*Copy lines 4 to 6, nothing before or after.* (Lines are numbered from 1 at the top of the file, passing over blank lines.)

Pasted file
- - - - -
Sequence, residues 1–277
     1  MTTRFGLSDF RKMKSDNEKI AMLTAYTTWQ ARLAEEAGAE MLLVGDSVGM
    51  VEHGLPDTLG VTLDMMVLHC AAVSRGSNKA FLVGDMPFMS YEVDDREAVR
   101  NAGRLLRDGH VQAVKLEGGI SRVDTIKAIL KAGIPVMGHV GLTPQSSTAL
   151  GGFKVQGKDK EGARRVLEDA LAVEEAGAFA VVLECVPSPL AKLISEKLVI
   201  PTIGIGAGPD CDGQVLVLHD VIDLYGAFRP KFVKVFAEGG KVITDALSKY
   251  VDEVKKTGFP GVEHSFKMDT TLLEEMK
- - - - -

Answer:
   101  NAGRLLRDGH VQAVKLEGGI SRVDTIKAIL KAGIPVMGHV GLTPQSSTAL
   151  GGFKVQGKDK EGARRVLEDA LAVEEAGAFA VVLECVPSPL AKLISEKLVI
   201  PTIGIGAGPD CDGQVLVLHD VIDLYGAFRP KFVKVFAEGG KVITDALSKY